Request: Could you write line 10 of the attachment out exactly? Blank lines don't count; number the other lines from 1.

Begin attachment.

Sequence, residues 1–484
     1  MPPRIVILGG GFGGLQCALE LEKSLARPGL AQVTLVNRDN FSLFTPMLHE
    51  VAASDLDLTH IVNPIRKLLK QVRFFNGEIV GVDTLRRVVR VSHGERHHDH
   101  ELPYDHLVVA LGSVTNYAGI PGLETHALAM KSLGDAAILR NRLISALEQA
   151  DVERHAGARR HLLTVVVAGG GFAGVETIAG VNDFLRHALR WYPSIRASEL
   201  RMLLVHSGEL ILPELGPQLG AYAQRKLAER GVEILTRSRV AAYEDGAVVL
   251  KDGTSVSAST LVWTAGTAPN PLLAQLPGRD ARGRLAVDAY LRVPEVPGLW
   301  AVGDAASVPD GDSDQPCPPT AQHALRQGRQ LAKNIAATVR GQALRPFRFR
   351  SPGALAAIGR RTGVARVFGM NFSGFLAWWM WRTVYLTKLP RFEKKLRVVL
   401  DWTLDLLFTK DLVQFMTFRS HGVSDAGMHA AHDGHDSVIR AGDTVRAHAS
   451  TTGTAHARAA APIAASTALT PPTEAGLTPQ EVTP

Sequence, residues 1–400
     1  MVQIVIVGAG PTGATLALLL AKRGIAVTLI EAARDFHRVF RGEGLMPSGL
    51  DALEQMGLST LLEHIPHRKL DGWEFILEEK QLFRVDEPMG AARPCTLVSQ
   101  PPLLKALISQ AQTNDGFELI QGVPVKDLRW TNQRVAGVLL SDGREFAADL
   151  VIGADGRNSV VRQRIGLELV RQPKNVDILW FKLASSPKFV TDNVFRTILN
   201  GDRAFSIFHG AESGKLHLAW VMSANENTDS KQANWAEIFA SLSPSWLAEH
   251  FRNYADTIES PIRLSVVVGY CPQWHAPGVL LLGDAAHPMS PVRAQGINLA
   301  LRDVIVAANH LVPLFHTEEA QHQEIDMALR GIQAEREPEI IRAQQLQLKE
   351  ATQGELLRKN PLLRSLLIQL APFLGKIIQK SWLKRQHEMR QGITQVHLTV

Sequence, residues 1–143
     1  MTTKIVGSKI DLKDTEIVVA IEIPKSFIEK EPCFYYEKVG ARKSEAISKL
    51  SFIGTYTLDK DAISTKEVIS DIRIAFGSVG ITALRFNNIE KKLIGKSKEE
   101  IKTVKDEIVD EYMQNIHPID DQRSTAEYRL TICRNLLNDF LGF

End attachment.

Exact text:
   401  DWTLDLLFTK DLVQFMTFRS HGVSDAGMHA AHDGHDSVIR AGDTVRAHAS